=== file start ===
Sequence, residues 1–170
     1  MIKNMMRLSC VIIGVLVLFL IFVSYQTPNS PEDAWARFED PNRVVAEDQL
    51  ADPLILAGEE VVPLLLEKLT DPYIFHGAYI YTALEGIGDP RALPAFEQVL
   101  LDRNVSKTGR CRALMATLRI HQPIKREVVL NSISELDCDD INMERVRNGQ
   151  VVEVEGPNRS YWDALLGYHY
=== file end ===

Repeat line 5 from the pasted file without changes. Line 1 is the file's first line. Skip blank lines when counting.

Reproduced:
   151  VVEVEGPNRS YWDALLGYHY